loss of consciousness, confusion, feelings of futility, amd a sense
- grisi siknis: (Miskito Indians, Nicaragua) symptoms
include headache, anxiety, anger, aimless running. Some
similarities to pibloktoq.
- Hi-Wa itck: (Mohave American Indians) insomnia,
depression, loss of appetite, and sometimes suicide associated with
unwanted separation from a loved one.
- hsieh-ping: (Taiwan) a brief trance state during which
one is possessed by an ancestral ghost, who often attempts to
communicate to other family members. Symptoms include tremor,
disorientation and delirium, and visual or auditory hallucinations.
- hwa-byung or wool-hwa-bung: (Korea) "anger
syndrome". Symptoms are attributed to suppression of anger and
include insomnia, fatigue, panic, fear of impending death, dysphoric
affect, indigestion, anorexia, dyspnea, palpitations, generalized
aches and pains, and a feeling of a mass in the epigastrium.
See also bilis and colera, below.
- involutional paraphrenia: (Spain, Germany) paranoid
disorder occurring in midlife.
- koro: (Malaysia) an episode of sudden and intense anxiety
that the penis (or in the rare female cases, the vulva and nipples)
will recede into the body and possibly cause death. The syndrome
occasionally occurs in local epidemics.
This syndrome occurs throughout south and east Asia under different names: suo yang (China); jinjinia bemar (Assam); and rok-joo (Thailand). It has been identified in isolated cases in the United States and Europe, as well as among diasporic ethnic Chinese or Southeast Asians.
- latah: (Malaysia and Indonesia) hypersensitivity to
sudden fright, often with echopraxia, echolalia, command obedience,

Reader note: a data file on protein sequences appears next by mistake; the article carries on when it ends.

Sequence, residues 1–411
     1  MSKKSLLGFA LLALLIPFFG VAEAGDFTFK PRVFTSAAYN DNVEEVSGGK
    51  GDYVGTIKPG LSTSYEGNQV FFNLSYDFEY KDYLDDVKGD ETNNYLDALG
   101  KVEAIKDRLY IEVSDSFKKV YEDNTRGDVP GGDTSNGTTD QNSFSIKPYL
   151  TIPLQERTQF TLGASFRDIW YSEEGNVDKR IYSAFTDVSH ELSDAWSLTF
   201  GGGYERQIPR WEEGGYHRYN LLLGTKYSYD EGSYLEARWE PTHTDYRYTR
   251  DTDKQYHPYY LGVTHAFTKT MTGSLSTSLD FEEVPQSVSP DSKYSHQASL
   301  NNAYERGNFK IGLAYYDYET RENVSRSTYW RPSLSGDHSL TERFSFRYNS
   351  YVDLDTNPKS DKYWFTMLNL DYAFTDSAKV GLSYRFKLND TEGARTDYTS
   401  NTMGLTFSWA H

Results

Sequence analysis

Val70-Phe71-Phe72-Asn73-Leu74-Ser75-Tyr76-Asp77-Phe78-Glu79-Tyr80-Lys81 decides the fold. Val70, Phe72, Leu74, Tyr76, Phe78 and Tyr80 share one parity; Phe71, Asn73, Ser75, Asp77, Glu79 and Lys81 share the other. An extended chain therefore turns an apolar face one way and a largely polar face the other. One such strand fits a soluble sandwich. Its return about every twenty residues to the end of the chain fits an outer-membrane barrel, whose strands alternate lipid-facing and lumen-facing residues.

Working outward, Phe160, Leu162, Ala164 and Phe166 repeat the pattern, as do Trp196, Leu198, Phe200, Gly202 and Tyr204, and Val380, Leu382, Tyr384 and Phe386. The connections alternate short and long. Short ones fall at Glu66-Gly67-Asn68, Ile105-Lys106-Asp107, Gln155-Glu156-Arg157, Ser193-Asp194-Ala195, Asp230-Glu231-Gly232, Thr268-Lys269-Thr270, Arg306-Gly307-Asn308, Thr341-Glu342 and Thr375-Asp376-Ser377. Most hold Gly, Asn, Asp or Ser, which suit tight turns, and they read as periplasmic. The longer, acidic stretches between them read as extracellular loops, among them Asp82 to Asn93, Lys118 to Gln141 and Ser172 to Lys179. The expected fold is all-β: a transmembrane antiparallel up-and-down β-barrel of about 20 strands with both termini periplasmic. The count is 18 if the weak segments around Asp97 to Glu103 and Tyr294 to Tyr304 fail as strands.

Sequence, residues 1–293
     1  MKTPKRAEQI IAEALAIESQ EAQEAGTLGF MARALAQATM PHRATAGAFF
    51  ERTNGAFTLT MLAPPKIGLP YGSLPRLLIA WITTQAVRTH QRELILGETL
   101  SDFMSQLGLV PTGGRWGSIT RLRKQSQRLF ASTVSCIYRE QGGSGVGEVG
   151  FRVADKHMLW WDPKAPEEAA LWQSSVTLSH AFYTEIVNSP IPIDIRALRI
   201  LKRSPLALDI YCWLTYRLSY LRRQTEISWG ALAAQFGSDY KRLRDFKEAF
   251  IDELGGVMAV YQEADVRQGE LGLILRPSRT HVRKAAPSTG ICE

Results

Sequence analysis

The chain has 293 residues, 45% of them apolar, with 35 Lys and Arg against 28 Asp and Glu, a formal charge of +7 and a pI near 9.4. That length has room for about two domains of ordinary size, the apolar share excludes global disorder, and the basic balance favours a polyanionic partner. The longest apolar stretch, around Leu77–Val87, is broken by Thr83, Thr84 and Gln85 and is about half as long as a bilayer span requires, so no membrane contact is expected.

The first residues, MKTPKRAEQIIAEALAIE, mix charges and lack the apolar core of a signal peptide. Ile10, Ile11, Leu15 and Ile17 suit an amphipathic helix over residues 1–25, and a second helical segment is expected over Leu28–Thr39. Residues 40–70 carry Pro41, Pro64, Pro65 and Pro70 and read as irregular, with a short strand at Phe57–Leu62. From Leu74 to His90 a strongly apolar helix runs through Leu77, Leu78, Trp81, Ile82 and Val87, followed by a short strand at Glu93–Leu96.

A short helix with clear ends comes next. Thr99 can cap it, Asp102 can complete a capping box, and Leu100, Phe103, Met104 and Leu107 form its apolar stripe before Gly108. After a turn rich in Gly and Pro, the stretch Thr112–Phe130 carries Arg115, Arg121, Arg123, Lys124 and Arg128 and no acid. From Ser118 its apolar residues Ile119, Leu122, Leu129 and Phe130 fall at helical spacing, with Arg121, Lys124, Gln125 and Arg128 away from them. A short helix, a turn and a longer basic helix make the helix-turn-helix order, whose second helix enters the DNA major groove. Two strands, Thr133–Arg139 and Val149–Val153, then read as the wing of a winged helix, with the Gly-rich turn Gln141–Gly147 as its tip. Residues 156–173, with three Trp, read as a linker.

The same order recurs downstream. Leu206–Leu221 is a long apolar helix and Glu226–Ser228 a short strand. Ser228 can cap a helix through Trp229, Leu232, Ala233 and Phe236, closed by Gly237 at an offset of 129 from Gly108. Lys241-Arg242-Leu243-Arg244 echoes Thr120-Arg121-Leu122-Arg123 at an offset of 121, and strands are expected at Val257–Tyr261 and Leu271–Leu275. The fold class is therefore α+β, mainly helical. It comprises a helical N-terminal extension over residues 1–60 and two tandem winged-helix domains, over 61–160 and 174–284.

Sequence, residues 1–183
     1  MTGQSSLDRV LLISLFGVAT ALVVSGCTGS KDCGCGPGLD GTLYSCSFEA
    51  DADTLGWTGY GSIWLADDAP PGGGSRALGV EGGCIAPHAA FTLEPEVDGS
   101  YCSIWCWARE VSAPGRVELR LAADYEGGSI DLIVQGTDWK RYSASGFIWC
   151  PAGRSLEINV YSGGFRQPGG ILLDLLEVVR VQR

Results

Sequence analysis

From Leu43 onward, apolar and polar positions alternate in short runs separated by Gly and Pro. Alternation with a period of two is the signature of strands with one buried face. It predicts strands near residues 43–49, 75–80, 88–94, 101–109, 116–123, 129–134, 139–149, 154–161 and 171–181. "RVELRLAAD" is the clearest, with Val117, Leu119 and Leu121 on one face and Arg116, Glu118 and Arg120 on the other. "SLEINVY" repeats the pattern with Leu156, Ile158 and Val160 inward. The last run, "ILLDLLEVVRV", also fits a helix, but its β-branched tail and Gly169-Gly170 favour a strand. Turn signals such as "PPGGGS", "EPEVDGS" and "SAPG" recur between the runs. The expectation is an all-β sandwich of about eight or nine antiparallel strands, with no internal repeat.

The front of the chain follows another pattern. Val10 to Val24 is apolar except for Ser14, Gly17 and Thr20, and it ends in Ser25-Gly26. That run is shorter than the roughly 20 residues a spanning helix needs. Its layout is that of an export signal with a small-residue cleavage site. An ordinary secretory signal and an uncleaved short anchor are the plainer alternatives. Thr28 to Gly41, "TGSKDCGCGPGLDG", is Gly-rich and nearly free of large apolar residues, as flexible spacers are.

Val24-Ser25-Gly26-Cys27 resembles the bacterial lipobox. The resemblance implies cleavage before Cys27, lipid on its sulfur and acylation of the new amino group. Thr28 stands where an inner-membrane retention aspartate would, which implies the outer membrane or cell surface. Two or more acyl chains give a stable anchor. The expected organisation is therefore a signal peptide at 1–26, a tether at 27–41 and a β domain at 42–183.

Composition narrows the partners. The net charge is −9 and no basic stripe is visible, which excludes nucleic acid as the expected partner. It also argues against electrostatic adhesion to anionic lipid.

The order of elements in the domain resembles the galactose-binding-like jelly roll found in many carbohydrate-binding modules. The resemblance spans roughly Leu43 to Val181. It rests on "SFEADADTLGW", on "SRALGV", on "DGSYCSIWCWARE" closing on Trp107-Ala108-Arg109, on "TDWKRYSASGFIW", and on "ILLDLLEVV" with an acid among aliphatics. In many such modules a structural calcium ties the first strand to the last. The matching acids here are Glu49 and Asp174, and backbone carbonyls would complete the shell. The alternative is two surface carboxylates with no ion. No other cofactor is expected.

and dissociative or trancelike behavior. The Malaysian syndrome is
more frequent in middle-aged women.
Similar syndromes include: amurakh, irkunii, ikota, olan, myriachit, and menkeiti (Siberian groups); bah-tschi, bah-tsi, and baah-ji (Thailand); imu (Ainu & Sakhalin, Japan); and mali-mali and silok (Philippines).
- locura: (Latin America) a severe form of chronic
psychosis, attributed to an inherited vulnerability, the effect of
multiple life difficulties, or a combination of the two. Symptoms
include incoherence, agitation, auditory and visual hallucinations,
inability to follow rules of social interaction, unpredictability,
and possible violence.
- pibloktoq or Arctic hysteria: (Greenland Eskimos)
an abrupt dissociative episode accompanied by extreme excitement of
up to 30 minutes' duration and frequently followed by convulsive
seizures and coma lasting up to 12 hours. The individual may be
withdrawn or mildly irritable for a period of hours or days before
the attack and will typically report complete amnesia for the
attack. During the attack, the individual may tear off his or her
clothing, break furniture, shout obscenities, eat feces, flee from
protective shelters, or perform other irrational or dangerous acts.
The syndrome is found throughout the arctic with local names.
- Qi-gong Psychosis: (China) an acute,
time-limited episode characterized by dissociative, paranoid, or
other psychotic or nonpsychotic symptoms that occur after
participating in the Chinese folk health-enhancing practice of
qi-gong. Especially vulnerable are individuals who become overly
involved in the practice.
- sangue dormido: (Portuguese Cape Verdeans) Literally
"sleeping blood". Symptoms include pain, numbness, tremor,
paralysis, convulsions, stroke, blindness, heart attack, infection,
- shenjian shuairuo: (Chinese) equivalent to now-defunct
diagnosis of "neurasthenia". Symptoms include physical and mental
fatigue, dizziness, headaches and other pains, difficulty
concentrating, sleep disturbance, and memory loss. Other symptoms
include gastrointestinal problems, sexual dysfunction, irritability,
excitability, and various signs suggesting disturbances of the
autonomic nervous system.
Many cases would be DSM-IV criteria for major depressive disorder or an anxiety disorder.
- Shenkui (Chinese): marked anxiety or panic symptoms with
accompanying somatic complaints for which no physical cause can be
demonstrated. Symptoms include dizziness, backache, fatiguability,
general weakness, insomnia, frequent dreams, and complaints of
sexual dysfunction (such as premature ejaculation and impotence).
Symptoms are attributed to excessive semen loss from frequent
intercourse, masturbation, nocturnal emission, or passing of "white
turbid urine" believed to contain semen. Excessive semen loss is
feared because it represents the loss of one's vital essence and can